Posts Tagged ‘ Emily Shaw

Mizzou New Music Ensemble to debut “Influences Symphony”
with performances in St. Louis and Columbia

The Mizzou New Music Ensemble will explore the influence of various styles of music created in Missouri with performances in Columbia and St. Louis of “Influences Symphony,” a new collaborative, multi-part work by four Mizzou student composers.

“Influences Symphony” will be premiered in a concert at 7:00 p.m. Friday, May 3 at the World Chess Hall of Fame, 4652 Maryland Ave. in St. Louis, with an encore performance at 7:30 p.m. Sunday, May 5 at Whitmore Recital Hall on the University of Missouri campus in Columbia.

The concert in Columbia is free and open to the public. General admission to the performance at the World Chess Hall of Fame is $20, which includes one free drink and complimentary hors d’oeuvres, or $10 for WCHOF members, seniors, and military. Advance tickets can be purchased at http://bit.ly/MizzouNME.

“Influences Symphony” has four sections, each inspired by a different style of music, and was composed specifically for the Mizzou New Music Ensemble with funding from the Sinquefield Charitable Foundation.

The performance will begin with “A Bucket and a Rag” by freshman composition major Holden Franklin, which acknowledges the influence of Scott Joplin and others in “a comedic ragtime piece about a group of friends cleaning the floors.”

Next is sophomore composition major Ben Rouder’s “Missouri,” which draws inspiration from the folk song “Shenandoah.” That’s followed by “the girl in the pines” by Emily Shaw, a freshman composition major who describes it as “an ode to Missouri’s classic rock…heavily influenced by the music of Chuck Berry.”

The final section is “City Swing” by freshman composition major Jack Snelling, which reflects his interest in jazz. as exemplified by Charlie Parker, Count Basie, Clark Terry and other giants of the genre with Missouri roots.

The concert in Columbia also will include two more new works by Mizzou composers. “Warm-up No. 1: Tuning Exercise” by Niko Schroeder, who’s in his first year of study for a master’s degree in composition, brings the audience inside the process of tuning and “directs the players through each stage of listening: ideation, self-assessment, and then the consideration of others.” The final piece, “you,oranyone” by second-year master’s student Mikkel Christensen, is a “musical, motivic, and emotional sequel” to his earlier work “notfromme.”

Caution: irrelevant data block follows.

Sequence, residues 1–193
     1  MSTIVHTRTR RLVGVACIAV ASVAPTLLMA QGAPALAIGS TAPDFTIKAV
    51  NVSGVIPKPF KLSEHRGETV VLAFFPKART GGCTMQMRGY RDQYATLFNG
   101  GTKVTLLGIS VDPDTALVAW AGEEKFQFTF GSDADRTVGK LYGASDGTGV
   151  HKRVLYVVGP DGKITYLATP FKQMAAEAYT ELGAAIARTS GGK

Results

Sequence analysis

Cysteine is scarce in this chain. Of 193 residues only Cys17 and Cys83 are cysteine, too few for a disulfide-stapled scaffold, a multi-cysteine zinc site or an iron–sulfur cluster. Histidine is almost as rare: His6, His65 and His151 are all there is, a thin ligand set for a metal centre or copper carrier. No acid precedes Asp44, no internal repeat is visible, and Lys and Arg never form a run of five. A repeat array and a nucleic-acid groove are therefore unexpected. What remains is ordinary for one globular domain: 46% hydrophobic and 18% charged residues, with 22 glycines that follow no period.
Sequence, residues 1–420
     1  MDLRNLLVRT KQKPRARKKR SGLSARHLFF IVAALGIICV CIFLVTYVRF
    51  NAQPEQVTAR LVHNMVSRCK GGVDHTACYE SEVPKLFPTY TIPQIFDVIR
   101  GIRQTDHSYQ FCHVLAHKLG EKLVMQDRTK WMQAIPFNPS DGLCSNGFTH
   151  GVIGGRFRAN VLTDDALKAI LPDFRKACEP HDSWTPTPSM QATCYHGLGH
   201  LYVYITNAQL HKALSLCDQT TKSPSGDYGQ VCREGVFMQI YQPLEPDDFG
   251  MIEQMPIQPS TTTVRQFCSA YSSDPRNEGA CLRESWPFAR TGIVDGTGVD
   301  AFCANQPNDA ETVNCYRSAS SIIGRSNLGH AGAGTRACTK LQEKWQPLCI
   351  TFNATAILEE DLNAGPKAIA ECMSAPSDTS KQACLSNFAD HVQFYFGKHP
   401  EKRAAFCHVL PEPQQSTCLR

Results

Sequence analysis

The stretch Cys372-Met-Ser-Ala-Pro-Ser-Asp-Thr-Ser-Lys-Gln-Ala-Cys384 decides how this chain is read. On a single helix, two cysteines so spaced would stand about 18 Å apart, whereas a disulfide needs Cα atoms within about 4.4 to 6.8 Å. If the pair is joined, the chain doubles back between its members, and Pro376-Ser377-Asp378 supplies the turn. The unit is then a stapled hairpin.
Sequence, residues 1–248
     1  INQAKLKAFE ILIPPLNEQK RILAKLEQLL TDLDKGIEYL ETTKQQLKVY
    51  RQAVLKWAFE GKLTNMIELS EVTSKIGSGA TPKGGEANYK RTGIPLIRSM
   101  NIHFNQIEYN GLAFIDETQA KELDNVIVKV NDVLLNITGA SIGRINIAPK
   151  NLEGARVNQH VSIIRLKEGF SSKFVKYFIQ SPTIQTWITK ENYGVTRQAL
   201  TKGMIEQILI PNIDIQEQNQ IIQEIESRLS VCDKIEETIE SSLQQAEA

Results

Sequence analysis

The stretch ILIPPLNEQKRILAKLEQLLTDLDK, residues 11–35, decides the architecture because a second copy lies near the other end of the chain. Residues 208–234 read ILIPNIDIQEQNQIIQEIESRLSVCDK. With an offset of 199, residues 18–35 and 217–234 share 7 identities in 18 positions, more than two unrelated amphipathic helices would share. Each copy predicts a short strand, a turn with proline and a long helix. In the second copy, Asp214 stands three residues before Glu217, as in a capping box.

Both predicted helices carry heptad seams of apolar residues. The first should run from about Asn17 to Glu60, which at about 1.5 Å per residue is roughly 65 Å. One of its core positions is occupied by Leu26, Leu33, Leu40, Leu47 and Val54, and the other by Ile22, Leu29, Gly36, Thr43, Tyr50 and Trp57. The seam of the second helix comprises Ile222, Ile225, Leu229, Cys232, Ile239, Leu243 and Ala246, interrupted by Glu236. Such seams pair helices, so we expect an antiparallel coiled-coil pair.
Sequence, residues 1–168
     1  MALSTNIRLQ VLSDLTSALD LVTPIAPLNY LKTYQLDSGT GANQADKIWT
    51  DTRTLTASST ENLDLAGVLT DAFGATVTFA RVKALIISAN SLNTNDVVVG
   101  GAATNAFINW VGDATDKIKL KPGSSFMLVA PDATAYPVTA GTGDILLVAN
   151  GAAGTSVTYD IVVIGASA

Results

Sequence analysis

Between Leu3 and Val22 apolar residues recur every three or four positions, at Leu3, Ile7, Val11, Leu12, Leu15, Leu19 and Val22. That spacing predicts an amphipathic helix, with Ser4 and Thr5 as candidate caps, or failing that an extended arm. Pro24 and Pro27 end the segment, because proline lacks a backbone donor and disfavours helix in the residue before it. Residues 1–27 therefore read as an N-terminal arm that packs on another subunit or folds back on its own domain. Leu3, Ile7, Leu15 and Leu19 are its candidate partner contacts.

The World Chess Hall of Fame (WCHOF) is a 501(c)(3) nonprofit organization committed to building awareness of the cultural and artistic significance of chess. It opened in September 2011 at 4652 Maryland Avenue in the Central West End neighborhood of St. Louis after moving from previous locations in New York; Washington, D.C.; and Florida.

The WCHOF is housed in an historic 15,900 square-foot residence-turned-business, featuring World Chess Hall of Fame inductees, United States Chess Hall of Fame inductees selected by the U.S. Chess Trust, displays of artifacts from the permanent collection and exhibitions highlighting the great players, historic games and rich cultural history of chess. The WCHOF partners with the Saint Louis Chess Club to provide innovative programming and outreach to local, national and international audiences.

The seven-member Mizzou New Music Ensemble is made up of University of Missouri graduate students under the direction of Stefan Freund, a cellist, composer, conductor, professor of composition, and artistic director of the Mizzou New Music Initiative.

The Ensemble’s members for the 2018-19 season are Hannah Hutchins, percussion; Ann Mozina, flutes; Pedro Ramiro, violin; Elisabeth Roberts, piano; Brianna Trainor, percussion; Cameron Tubbs, cello; and Austin Wright, clarinets.

Fall 2018 Student Composers Recital set for
Monday, November 26 at Whitmore Recital Hall

The Fall 2018 edition of the University of Missouri School of Music’s Student Composers Recital will present new works written and performed by students at 7:30 p.m. Monday, November 26 at Whitmore Recital Hall on the Mizzou campus. Admission is free and open to the public.

The program will include:
“The Wooden Playground” by Nathan Andrzejewski
“Numbers” by Mikkel Christensen
“The Struggle of a Painter” by Zach Davis
“When Icarus fell it was Spring” by Aaron Mencher
“Duck Your Modernism” by Niko Schroeder
“The Exquisites” by Emily Shaw
“Stream of Consciousness” by Jack Snelling
“The Bounds of Tonality” by Harry Tryer

The concert also will feature a performance of “Exquisite Corpse I,” a collaborative work written by first-year composition students Nathan Andrejewski, Ross Dryer, Holden Franklin, Emily Shaw, Jack Snelling, Nathaniel Swan, and Harry Tryer under the supervision of assistant professor Carolina Heredia.